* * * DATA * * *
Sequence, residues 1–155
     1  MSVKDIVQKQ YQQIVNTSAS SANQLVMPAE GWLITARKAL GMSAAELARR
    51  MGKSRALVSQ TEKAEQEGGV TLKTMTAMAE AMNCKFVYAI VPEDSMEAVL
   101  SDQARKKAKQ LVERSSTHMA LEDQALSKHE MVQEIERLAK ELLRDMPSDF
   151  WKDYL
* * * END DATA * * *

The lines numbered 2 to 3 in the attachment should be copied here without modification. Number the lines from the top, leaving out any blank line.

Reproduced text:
     1  MSVKDIVQKQ YQQIVNTSAS SANQLVMPAE GWLITARKAL GMSAAELARR
    51  MGKSRALVSQ TEKAEQEGGV TLKTMTAMAE AMNCKFVYAI VPEDSMEAVL